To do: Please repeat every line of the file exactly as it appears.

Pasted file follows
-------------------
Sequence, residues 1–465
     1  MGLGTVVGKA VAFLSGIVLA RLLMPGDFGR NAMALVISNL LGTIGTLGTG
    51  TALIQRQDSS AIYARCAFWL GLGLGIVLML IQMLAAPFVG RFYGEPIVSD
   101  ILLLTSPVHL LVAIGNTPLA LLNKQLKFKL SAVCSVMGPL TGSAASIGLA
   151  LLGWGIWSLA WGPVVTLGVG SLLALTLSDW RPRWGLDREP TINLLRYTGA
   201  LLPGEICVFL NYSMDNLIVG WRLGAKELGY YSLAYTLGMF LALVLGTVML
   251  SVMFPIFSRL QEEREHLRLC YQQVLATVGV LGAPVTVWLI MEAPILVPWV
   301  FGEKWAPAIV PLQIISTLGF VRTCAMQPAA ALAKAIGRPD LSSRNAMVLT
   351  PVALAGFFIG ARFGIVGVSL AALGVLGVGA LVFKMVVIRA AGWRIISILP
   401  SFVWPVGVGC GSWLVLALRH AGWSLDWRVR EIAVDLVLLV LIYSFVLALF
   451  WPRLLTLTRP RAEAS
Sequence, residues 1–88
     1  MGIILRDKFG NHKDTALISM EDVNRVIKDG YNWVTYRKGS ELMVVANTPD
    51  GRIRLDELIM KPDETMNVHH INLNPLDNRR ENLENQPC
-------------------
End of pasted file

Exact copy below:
Sequence, residues 1–465
     1  MGLGTVVGKA VAFLSGIVLA RLLMPGDFGR NAMALVISNL LGTIGTLGTG
    51  TALIQRQDSS AIYARCAFWL GLGLGIVLML IQMLAAPFVG RFYGEPIVSD
   101  ILLLTSPVHL LVAIGNTPLA LLNKQLKFKL SAVCSVMGPL TGSAASIGLA
   151  LLGWGIWSLA WGPVVTLGVG SLLALTLSDW RPRWGLDREP TINLLRYTGA
   201  LLPGEICVFL NYSMDNLIVG WRLGAKELGY YSLAYTLGMF LALVLGTVML
   251  SVMFPIFSRL QEEREHLRLC YQQVLATVGV LGAPVTVWLI MEAPILVPWV
   301  FGEKWAPAIV PLQIISTLGF VRTCAMQPAA ALAKAIGRPD LSSRNAMVLT
   351  PVALAGFFIG ARFGIVGVSL AALGVLGVGA LVFKMVVIRA AGWRIISILP
   401  SFVWPVGVGC GSWLVLALRH AGWSLDWRVR EIAVDLVLLV LIYSFVLALF
   451  WPRLLTLTRP RAEAS
Sequence, residues 1–88
     1  MGIILRDKFG NHKDTALISM EDVNRVIKDG YNWVTYRKGS ELMVVANTPD
    51  GRIRLDELIM KPDETMNVHH INLNPLDNRR ENLENQPC